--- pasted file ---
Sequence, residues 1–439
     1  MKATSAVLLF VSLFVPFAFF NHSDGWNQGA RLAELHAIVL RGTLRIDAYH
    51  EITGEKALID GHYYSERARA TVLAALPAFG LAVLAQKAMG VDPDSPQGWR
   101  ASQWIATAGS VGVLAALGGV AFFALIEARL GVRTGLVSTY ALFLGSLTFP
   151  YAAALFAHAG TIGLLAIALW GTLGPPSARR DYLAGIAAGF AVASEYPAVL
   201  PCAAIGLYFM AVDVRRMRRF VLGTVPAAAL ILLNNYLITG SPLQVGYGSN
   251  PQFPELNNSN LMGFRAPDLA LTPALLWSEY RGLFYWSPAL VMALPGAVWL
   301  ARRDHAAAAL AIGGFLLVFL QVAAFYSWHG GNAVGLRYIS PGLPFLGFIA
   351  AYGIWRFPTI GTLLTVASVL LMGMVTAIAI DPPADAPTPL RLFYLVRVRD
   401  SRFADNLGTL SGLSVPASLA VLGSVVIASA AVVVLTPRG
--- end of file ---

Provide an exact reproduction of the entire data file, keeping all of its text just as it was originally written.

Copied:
Sequence, residues 1–439
     1  MKATSAVLLF VSLFVPFAFF NHSDGWNQGA RLAELHAIVL RGTLRIDAYH
    51  EITGEKALID GHYYSERARA TVLAALPAFG LAVLAQKAMG VDPDSPQGWR
   101  ASQWIATAGS VGVLAALGGV AFFALIEARL GVRTGLVSTY ALFLGSLTFP
   151  YAAALFAHAG TIGLLAIALW GTLGPPSARR DYLAGIAAGF AVASEYPAVL
   201  PCAAIGLYFM AVDVRRMRRF VLGTVPAAAL ILLNNYLITG SPLQVGYGSN
   251  PQFPELNNSN LMGFRAPDLA LTPALLWSEY RGLFYWSPAL VMALPGAVWL
   301  ARRDHAAAAL AIGGFLLVFL QVAAFYSWHG GNAVGLRYIS PGLPFLGFIA
   351  AYGIWRFPTI GTLLTVASVL LMGMVTAIAI DPPADAPTPL RLFYLVRVRD
   401  SRFADNLGTL SGLSVPASLA VLGSVVIASA AVVVLTPRG